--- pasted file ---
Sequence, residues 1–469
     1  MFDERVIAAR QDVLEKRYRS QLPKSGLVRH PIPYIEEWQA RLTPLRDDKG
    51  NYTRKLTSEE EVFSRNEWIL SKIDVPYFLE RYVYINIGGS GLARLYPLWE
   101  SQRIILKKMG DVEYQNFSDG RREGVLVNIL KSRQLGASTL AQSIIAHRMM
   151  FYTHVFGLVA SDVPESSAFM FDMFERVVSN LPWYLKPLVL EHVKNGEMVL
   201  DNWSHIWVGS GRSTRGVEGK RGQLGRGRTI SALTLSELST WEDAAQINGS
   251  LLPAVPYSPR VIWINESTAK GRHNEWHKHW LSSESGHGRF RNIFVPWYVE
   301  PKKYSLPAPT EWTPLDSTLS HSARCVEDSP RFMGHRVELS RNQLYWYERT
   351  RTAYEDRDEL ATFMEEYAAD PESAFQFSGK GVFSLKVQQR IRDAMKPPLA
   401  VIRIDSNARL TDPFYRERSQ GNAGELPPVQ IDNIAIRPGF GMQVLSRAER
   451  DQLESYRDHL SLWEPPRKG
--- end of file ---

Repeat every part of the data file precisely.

Sequence, residues 1–469
     1  MFDERVIAAR QDVLEKRYRS QLPKSGLVRH PIPYIEEWQA RLTPLRDDKG
    51  NYTRKLTSEE EVFSRNEWIL SKIDVPYFLE RYVYINIGGS GLARLYPLWE
   101  SQRIILKKMG DVEYQNFSDG RREGVLVNIL KSRQLGASTL AQSIIAHRMM
   151  FYTHVFGLVA SDVPESSAFM FDMFERVVSN LPWYLKPLVL EHVKNGEMVL
   201  DNWSHIWVGS GRSTRGVEGK RGQLGRGRTI SALTLSELST WEDAAQINGS
   251  LLPAVPYSPR VIWINESTAK GRHNEWHKHW LSSESGHGRF RNIFVPWYVE
   301  PKKYSLPAPT EWTPLDSTLS HSARCVEDSP RFMGHRVELS RNQLYWYERT
   351  RTAYEDRDEL ATFMEEYAAD PESAFQFSGK GVFSLKVQQR IRDAMKPPLA
   401  VIRIDSNARL TDPFYRERSQ GNAGELPPVQ IDNIAIRPGF GMQVLSRAER
   451  DQLESYRDHL SLWEPPRKG